The Japan Times has an interesting article on Japan and peacekeeping missions, particularly as to how the Democratic Party of Japan and and the Social Democratic Party view them. Consider this a bellwether for the future.

Part of the problem with Japanese peacekeeping missions is that the rules of participation are so strict that participation is only possible if it really doesn’t matter if Japanese peacekeepers are there or not. From the article:

For the SDF to be deployed, a ceasefire agreement between parties to a conflict must be in place; the host nation and parties to an armed conflict must agree to their presence; the mission must be impartial; force can only be used in self-defense; and Japanese forces must be withdrawn if any of the other conditions are not met.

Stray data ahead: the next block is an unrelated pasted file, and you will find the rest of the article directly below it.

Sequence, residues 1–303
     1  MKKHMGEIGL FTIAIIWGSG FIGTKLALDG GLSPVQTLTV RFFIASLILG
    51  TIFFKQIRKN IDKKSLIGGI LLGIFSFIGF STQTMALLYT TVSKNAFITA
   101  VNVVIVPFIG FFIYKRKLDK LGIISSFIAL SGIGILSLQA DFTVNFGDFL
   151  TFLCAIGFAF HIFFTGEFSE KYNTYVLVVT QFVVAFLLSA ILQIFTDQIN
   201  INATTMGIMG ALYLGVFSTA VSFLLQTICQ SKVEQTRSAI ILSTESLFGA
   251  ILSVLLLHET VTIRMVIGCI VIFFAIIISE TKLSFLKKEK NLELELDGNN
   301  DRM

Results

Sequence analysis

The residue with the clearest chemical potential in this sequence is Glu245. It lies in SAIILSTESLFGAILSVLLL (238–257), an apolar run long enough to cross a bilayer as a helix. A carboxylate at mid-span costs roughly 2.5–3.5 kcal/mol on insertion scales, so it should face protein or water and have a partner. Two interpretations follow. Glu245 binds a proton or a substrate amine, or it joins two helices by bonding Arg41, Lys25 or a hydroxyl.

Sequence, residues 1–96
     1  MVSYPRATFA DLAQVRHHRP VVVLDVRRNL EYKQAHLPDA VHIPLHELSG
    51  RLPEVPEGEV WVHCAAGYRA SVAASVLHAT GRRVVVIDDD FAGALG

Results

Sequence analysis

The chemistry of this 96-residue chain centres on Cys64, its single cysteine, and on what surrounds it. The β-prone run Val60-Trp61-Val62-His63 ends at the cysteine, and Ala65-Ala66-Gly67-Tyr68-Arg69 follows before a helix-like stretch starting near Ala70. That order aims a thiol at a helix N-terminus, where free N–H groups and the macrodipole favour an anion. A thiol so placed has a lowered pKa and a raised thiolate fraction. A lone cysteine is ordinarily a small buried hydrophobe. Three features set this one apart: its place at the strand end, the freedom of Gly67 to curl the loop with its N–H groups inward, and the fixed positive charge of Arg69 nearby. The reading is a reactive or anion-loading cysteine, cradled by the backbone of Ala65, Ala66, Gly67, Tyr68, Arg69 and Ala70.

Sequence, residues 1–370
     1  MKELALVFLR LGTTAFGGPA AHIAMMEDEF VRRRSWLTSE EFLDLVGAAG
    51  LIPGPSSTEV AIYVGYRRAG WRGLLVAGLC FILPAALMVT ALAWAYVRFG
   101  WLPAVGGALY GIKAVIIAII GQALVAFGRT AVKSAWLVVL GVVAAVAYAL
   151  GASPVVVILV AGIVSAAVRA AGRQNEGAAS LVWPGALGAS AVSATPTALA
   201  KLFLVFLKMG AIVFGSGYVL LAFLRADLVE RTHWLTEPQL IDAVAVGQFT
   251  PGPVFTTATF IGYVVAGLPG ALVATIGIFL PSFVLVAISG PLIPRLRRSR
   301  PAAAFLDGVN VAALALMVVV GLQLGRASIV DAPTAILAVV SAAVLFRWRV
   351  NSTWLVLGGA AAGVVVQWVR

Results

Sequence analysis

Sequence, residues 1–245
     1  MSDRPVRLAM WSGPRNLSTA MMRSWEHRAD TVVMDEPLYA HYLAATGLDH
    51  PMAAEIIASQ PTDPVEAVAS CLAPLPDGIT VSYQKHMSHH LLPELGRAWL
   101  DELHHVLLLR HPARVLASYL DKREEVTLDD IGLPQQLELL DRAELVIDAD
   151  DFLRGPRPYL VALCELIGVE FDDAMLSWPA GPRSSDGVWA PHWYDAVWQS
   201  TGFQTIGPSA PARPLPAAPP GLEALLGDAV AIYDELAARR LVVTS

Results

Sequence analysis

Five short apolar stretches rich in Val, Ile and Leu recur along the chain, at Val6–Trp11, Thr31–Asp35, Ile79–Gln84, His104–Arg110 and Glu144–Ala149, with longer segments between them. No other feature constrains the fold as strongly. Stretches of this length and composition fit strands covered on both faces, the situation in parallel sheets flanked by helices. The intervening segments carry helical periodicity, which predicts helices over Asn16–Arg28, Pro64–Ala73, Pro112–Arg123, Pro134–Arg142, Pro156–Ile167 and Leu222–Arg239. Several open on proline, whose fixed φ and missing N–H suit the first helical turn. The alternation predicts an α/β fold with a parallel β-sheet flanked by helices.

The real problem with these rules is that they prevent Japanese forces from becoming indispensable.  In fact, the rules make it likely that Japanese participation in any international effort would be redundant. If the situation is that stable, who needs the Japanese? And if Japanese peacekeepers show up and it doesn’t really matter if they’re there or not, then the danger to Japan is that their presence appears more self-serving than anything else.

I’m sure somewhere out there’s an NGO joke that goes:

Q. How do you know you’re not going to be killed delivering food aid?
A. The Japanese are here.

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A contributor and editor at the blog War Is Boring, Kyle Mizokami started Japan Security Watch in 2010 to further understand Japan's defenses and security policy.
Kyle Mizokami has 596 post(s) on Japan Security Watch